On April 27th, the bill received a hearing before the House Rules Committee. AOC members provided the committee with oral and written testimony in opposition to the bill, pointing out its flaws and burdens. Clackamas County Commissioner Jim Bernard explained the practical application of the bill, leaving the committee with no doubt that the bill, as written, would create more problems than solutions. Although it is likely that the Legislature will do something to address the public records issues leading up to the resignation of Governor Kitzhaber, it is very unlikely it will be in the form of HB 3505.

 

Labor Relations

House Bill 2544, which would provide for binding arbitration for unresolved interim collective bargaining issues for strike permitted units, received a hearing before the Senate Workforce Committee on April 27th. AOC and others have been working hard to stop the bill from moving forward in the Senate.  

 

Columbia County Commissioner Earl Fisher testified in opposition to the bill, explaining to the committee how the Columbia County example used by the unions to promote the bill actually cuts against the bill by impairing the ability to promptly deal with economic crises. Julia Getchell, Clackamas County's labor & employee relations manager, pointed out additional problems that would be created by the bill. Opponents of the bill also received a boost from a recent Oregonian editorial.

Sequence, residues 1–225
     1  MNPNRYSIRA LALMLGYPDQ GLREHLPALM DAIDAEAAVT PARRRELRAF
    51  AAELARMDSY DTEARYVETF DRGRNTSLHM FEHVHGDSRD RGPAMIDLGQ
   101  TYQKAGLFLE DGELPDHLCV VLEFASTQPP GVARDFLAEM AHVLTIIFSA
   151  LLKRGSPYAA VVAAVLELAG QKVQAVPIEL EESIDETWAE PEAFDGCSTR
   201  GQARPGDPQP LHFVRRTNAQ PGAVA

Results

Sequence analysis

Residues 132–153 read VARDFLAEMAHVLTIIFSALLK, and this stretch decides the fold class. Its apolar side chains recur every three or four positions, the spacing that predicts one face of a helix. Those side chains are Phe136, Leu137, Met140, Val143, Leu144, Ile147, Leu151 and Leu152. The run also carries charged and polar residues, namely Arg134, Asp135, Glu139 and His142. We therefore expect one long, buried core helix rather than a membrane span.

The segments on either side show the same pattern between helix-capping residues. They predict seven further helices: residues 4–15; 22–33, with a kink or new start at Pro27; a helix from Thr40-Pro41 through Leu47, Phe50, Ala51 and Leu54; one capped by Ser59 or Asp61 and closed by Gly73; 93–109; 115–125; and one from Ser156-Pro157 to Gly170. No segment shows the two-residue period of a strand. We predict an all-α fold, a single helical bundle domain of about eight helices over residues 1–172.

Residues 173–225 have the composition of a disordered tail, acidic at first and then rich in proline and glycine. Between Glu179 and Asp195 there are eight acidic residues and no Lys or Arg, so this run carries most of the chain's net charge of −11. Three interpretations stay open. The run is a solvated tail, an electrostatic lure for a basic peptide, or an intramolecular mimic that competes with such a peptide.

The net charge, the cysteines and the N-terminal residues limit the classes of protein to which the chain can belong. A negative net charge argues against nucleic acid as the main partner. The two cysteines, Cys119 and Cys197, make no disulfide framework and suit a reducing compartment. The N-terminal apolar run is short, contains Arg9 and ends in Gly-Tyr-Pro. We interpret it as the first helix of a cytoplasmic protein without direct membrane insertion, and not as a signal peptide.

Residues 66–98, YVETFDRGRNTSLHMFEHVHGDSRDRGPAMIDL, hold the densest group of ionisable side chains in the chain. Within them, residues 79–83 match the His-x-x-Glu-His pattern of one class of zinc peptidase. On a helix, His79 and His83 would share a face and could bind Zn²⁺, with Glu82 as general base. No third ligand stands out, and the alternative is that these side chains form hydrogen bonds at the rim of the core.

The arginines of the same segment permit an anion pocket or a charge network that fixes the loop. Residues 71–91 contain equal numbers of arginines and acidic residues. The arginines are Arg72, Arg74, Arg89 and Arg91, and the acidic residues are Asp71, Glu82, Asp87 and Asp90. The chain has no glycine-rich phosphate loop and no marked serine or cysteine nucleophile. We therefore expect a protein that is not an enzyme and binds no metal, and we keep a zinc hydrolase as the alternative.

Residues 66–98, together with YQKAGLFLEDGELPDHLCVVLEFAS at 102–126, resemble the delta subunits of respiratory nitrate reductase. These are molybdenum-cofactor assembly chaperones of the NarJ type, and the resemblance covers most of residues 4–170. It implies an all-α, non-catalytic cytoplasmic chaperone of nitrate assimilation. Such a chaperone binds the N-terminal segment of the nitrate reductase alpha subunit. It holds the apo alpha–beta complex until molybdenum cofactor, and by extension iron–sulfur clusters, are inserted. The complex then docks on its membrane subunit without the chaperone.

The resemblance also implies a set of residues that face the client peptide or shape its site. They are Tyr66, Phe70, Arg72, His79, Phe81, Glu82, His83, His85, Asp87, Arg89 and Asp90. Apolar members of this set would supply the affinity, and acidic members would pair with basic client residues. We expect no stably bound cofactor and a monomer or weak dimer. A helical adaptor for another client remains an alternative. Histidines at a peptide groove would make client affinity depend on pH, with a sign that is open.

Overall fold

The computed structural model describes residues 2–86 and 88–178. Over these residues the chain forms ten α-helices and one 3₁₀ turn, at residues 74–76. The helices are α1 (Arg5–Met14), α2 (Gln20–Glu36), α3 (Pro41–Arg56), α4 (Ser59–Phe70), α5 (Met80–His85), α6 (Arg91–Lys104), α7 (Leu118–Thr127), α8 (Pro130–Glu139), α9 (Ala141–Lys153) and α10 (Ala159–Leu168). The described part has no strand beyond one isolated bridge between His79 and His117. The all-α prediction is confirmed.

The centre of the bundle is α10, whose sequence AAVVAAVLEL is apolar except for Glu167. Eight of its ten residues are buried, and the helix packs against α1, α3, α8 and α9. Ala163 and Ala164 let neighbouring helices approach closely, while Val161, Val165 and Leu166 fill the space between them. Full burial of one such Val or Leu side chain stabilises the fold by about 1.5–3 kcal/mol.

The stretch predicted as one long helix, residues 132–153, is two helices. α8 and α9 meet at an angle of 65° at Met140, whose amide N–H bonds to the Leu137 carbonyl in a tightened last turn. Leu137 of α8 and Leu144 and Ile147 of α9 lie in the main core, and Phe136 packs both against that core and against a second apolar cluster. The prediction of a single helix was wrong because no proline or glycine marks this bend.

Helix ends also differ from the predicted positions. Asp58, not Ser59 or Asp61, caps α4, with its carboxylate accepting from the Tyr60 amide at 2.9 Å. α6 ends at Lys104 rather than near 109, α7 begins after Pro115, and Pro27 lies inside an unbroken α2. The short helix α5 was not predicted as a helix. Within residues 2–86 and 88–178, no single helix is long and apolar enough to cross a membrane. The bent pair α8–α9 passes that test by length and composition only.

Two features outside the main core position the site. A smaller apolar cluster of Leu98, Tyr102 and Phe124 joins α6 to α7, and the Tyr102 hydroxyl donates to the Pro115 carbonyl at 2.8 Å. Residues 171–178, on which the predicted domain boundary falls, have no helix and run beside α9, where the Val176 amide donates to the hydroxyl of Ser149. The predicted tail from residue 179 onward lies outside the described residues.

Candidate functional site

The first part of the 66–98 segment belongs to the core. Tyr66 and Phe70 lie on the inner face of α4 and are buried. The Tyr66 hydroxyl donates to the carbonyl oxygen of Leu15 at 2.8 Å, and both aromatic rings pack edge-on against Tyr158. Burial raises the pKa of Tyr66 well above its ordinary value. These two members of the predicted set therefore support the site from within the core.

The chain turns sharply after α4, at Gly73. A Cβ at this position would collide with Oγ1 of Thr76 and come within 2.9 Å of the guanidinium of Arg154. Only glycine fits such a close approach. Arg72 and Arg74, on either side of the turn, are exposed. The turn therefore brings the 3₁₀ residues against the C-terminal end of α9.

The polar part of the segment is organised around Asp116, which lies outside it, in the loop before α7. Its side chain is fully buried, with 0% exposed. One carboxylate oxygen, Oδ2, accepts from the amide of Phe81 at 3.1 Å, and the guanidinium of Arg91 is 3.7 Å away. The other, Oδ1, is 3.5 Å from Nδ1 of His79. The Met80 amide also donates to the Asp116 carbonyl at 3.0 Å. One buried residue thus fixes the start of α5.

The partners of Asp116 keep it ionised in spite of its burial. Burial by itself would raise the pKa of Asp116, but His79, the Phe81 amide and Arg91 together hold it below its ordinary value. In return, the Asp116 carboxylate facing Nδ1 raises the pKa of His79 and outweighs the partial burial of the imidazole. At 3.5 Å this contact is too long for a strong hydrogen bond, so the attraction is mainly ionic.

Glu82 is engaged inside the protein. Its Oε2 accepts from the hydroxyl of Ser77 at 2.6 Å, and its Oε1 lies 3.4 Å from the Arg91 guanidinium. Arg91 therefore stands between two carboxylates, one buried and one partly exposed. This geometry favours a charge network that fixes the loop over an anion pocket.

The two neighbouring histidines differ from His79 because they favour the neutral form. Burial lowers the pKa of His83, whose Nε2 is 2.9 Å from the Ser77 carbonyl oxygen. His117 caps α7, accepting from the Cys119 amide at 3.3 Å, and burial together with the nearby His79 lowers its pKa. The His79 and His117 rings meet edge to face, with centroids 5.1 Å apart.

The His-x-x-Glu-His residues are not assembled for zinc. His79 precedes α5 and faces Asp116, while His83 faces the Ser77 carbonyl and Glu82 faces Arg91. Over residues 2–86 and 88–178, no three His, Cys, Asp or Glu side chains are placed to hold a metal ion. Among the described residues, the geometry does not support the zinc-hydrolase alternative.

Marijuana 

The Joint Committee on Implementing Measure 91 continues to struggle to find consensus. It is May 5, 2015, and the committee has yet to move a single piece of legislation, or even begin real work on adjustments to Measure 91.  

 

The committee is currently attempting to clear one of two big bills off its plate, namely Senate Bill 844. That bill  is designed to make adjustments to the Oregon Medical Marijuana Program (OMMP) to ensure the program's supply chain does not continue to leak tremendous amounts of marijuana into the black market, and thus undercut the new retail program. A big sticking point is the issue of local control. The committee has adopted the Dash-6 and Dash-7 amendments into the bill, and is poised to adopt the Dash-17 amendments as well, which would restore possession limits that were completely removed by the Dash-6 amendments.